Spain's Prado Museum confirms rediscovery of lost Caravaggio. Painting will be unveiled May 27

MADRID (AP) — A painting whose auction in Spain was halted in 2021 on suspicion that it might be a Caravaggio has been confirmed as a work by the Italian Baroque master, Spain’s Prado Museum announced Monday.

The painting, once considered to have been lost, will be unveiled to the public for the first time in the museum later this month.

The Prado said in a statement the work titled “Ecce Homo” (Latin for Behold The Man) by Michelangelo Merisi da Caravaggio will go on display from May 27 until October as a special one-piece exhibition following an agreement with its new owner, who has not been identified.

After October, the work will be be moved to the Prado’s permanent collection for a further four months.

“Since its reappearance at an auction three years ago, Ecce Homo has represented one of the greatest discoveries in the history of art,” the museum said.

"Painted by the great Italian artist around 1605-09 and believed to have once been part of the private collection of Phillip IV of Spain, the painting is one of around only 60 known works by Caravaggio in existence, and thus one of the most valuable old master artworks in the world," the Prado added.

In April 2021, Spanish authorities halted an auction of the work, which was then attributed to a disciple of a 17th-century Spanish painter, José de Ribera. They also put an export ban on it after the museum alerted the government it could be a Caravaggio.

The painting was due to be auctioned with a starting price tag of 1,500 euros ($1,600). The value of an authentic Caravaggio would stretch into tens of millions of euros (dollars), if not more.

Prado Museum Director Miguel Falomir said that since then the owners carried out studies and proceeded with the painting's restoration, which led to the discovery “that it is, in fact, a work by Caravaggio and a work that arrived in Spain in the 17th century.”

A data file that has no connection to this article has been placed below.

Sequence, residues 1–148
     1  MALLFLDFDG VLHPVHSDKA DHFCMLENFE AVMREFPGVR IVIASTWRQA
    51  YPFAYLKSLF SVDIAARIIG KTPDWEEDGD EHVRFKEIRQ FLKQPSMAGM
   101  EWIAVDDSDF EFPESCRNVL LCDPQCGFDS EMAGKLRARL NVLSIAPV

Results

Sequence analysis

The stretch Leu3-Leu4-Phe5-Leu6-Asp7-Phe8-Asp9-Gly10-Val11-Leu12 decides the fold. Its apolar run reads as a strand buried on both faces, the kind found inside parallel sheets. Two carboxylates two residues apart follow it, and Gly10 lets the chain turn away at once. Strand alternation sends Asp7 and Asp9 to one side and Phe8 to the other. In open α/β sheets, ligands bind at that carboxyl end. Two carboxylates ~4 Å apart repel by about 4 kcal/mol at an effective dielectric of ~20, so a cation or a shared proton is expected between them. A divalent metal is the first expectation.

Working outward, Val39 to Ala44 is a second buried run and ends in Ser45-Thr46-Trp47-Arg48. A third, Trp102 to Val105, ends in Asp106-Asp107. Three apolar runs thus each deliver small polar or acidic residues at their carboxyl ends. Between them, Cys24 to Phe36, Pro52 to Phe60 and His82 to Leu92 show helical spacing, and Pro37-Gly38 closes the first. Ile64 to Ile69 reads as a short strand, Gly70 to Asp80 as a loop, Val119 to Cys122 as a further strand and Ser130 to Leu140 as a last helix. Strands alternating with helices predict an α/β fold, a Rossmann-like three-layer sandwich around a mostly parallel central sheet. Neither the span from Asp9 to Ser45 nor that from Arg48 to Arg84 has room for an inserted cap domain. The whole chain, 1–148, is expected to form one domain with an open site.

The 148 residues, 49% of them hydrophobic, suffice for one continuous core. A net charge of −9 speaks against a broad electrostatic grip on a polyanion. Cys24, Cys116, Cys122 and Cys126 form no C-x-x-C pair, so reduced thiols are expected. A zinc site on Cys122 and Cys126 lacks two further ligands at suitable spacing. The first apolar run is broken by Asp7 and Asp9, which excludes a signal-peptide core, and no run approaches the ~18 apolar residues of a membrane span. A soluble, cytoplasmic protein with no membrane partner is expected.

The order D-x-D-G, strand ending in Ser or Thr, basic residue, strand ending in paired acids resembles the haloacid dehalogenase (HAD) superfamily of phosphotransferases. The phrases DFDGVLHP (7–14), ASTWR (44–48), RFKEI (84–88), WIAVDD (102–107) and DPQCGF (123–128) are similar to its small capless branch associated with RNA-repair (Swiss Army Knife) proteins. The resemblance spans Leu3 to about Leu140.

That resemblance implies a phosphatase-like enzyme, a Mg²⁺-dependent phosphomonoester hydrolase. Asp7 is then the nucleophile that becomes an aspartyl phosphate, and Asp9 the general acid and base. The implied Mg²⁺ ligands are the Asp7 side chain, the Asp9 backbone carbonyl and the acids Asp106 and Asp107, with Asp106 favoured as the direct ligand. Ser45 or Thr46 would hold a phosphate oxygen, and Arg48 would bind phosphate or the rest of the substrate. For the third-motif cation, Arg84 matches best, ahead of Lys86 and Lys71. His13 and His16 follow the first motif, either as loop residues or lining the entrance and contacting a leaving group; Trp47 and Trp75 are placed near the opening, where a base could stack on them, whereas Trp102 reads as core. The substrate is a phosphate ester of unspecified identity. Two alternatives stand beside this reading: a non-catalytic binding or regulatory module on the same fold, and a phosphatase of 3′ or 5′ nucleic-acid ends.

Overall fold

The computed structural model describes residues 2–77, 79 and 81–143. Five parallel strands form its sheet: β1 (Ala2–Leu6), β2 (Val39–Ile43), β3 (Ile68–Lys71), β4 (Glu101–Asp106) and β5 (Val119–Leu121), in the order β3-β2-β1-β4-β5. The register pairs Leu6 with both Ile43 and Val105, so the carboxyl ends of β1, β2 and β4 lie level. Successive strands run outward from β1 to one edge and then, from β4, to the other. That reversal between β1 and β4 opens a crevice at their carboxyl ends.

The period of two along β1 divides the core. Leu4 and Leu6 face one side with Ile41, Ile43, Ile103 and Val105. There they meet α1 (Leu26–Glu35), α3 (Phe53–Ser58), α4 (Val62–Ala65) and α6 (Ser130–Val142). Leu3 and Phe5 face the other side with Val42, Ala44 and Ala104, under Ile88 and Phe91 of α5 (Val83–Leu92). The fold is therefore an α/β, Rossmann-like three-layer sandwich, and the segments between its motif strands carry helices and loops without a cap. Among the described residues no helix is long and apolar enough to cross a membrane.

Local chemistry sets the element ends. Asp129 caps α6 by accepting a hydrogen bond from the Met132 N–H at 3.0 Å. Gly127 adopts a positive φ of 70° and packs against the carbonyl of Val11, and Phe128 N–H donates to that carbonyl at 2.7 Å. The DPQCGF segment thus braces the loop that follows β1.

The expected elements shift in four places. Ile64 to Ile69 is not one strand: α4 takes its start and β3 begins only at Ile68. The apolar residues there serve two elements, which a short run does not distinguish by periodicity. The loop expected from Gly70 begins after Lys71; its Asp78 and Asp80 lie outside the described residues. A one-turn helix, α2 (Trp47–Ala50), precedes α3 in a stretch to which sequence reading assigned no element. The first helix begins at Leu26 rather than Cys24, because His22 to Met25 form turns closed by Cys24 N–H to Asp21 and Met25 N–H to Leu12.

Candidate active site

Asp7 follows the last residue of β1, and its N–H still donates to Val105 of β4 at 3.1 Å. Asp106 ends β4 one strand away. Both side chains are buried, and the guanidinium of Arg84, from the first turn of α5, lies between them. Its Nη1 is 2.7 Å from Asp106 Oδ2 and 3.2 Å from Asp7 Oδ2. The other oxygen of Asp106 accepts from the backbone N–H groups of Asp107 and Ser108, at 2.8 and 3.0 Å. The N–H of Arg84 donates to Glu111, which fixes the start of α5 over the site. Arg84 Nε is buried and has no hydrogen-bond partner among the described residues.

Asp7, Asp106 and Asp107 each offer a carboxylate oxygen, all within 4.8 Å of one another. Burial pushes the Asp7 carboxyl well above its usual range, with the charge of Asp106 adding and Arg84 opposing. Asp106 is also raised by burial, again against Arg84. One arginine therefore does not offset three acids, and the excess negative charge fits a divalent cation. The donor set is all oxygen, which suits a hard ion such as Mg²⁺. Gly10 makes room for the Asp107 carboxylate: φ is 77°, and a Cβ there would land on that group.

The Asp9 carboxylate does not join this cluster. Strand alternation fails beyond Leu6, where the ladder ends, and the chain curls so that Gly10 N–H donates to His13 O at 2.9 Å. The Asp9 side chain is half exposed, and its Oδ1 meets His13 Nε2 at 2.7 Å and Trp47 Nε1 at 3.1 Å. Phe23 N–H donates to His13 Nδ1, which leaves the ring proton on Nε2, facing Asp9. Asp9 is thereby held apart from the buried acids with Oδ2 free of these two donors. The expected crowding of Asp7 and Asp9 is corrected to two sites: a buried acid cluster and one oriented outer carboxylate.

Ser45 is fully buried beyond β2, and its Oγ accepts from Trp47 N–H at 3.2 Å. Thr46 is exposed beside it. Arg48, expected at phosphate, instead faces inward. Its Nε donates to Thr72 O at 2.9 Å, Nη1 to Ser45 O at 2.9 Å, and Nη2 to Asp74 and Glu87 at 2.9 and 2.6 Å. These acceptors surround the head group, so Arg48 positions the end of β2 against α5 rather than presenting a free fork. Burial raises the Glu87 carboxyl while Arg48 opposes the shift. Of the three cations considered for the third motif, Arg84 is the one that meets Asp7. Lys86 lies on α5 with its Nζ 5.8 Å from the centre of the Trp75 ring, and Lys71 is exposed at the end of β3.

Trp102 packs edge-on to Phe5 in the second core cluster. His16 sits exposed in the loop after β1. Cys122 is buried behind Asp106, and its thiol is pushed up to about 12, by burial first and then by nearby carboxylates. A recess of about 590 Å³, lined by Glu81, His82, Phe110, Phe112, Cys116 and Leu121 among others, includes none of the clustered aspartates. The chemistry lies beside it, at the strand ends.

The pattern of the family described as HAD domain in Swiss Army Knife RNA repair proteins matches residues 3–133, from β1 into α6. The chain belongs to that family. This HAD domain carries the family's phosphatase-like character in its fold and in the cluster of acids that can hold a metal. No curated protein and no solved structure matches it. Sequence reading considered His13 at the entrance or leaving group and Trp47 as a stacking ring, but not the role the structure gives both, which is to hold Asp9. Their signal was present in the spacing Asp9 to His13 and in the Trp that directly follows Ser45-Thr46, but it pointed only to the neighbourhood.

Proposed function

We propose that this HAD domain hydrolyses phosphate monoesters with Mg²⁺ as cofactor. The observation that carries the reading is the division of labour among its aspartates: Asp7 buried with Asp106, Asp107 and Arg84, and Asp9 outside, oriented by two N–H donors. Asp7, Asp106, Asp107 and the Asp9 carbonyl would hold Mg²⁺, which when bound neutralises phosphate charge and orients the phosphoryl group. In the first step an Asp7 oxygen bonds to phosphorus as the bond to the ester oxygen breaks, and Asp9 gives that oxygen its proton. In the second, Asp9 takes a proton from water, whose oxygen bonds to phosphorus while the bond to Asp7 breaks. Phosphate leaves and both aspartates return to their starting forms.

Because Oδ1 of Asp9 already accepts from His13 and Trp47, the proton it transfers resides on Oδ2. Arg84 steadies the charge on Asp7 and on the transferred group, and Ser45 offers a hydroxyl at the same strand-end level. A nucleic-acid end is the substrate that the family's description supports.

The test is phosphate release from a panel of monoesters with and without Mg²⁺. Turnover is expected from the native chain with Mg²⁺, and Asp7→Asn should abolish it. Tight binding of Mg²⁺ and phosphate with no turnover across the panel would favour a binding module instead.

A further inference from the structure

The painting is not allowed to leave Spain without government permission.

Falomir said it had been in the hands of a family in Madrid since the 19th century. The family was allowed to sell it privately earlier this year following an agreement with the Madrid regional government. The new owner wanted the public presentation of the piece to take place in the Prado Museum.

“For our part, we are more than happy to be the stage to present this new unshown work of Caravaggio to the public and critics,” Falomir said in a video statement released by the museum.

The oil-on-canvas work depicts the Biblical passage of the Ecce Homo, in which Jesus Christ is presented to the crowds before being crucified. The work measures 111 by 86 centimeters (44 by 34 inches). The painting was known as early as the 1600s, but experts later lost track of it.

The Prado said four of the most authoritative experts on Caravaggio and Baroque painting “all share the same passionate certainty: that Ecce Homo is a masterpiece by the Italian artist.”

One of the experts, Maria Cristina Terzaghi, was quoted as saying, “The speed of consensus around the work being a Caravaggio upon its rediscovery was absolutely unprecedented in the critical history of the painter, on whom scholars have rarely agreed, at least in the last forty years."

The Prado said that since April 2021, the work has been under the custodianship of the Colnaghi art gallery in collaboration with experts. The painting was restored by specialist Andrea Cipriani and his team under the supervision of experts from the Madrid regional government.

“In the last hundred years, no artist more than Caravaggio, with his adventurous biography and unmistakable style, has fascinated audiences of all ages and engaged scholars from halfway around the world. This work therefore presents one of the greatest discoveries in the history of art," said Jorge Coll, CEO of Colnaghi, which co-signed the press release.